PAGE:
There is no shortage of INFPs who think they are INFJs, nor of INTPs who think they are INTJs. While these types may seem quite similar at first glance, sharing three of four preferences, they actually share NONE of the same functions. Take a look for yourself:
- INFP (Fi-Ne-Si-Te) vs. INFJ (Ni-Fe-Ti-Se)
- INTP (Ti-Ne-Si-Fe) vs. INTJ (Ni-Te-Fi-Se)
The fact that the INFP and INFJ (as well as the INTP and INTJ) have no functions in common means that they don’t merely differ in degree (e.g., “He is a bit more “J” than I am.”) but in kind; they are qualitatively distinct. So while INFPs and INFJs may display some similarities as “Idealists,” or INTPs and INTJs as “Rationals,” they are really more different than folks like David Keirsey are willing to admit. As we will see, in many ways, IPs (i.e., INTP, INFP, ISTP, ISFP) are more like Judgers and IJs (i.e., INTJ, INFJ, ISTJ, ISFJ) are more like Perceivers. IPs’ inner world mirrors how EJs present outwardly, while IJs’ inner world resembles the outer presentation of EPs.
Judging-Perceiving Confusion in Introverts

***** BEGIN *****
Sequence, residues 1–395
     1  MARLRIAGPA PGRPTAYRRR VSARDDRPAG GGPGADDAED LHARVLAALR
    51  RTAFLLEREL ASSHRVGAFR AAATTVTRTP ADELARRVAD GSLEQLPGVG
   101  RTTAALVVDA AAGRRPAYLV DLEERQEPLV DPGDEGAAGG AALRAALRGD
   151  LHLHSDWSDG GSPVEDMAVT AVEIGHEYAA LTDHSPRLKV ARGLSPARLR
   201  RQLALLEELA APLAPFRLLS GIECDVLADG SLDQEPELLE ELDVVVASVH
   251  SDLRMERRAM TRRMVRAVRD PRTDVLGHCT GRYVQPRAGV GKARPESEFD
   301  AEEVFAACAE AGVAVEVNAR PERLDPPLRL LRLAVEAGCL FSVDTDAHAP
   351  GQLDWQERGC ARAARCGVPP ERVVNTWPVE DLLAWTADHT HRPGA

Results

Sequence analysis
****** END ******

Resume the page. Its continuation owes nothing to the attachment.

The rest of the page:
As discussed in my recent book, My True Type, the Judging and Perceiving dimension is probably the most confusing and misunderstood of the Myers-Briggs dichotomies. Jung himself did not use a J-P indicator for describing the types. The J-P indicator (i.e., the last letter of the four-letter type designation) was added by Myers and Briggs as a sort of short-hand way of labeling the types. Unfortunately, many people are unaware of this and take the J-P label to mean something it does not. In actuality, the J-P label merely describes whether the first extraverted function in a given type’s functional stack is a Judging function (either Te or Fe) or a Perceiving function (either Ne or Se).
The J-P labeling system actually works fine for Extraverts, since their first extraverted function is also their dominant function. Hence, there is no confusion, for instance, in calling an ENFP a Perceiver or an ENTJ a Judger. This very accurately describes the dominant mode of operation for these types.
For introverted types, however, the J-P label can be a source of great confusion and misunderstanding. This is due to the fact that introverts’ first extraverted function is their auxiliary rather than their dominant function. Because of this, the J-P designation of IPs and IJs fails to describe their dominant mode of functioning. Namely, IPs’ preferred and dominant mode of functioning is Judging (Fi or Ti) and IJs’ is Perceiving (Si or Ni). This is why IPs commonly mistype themselves as IJs and vice-versa. To summarize: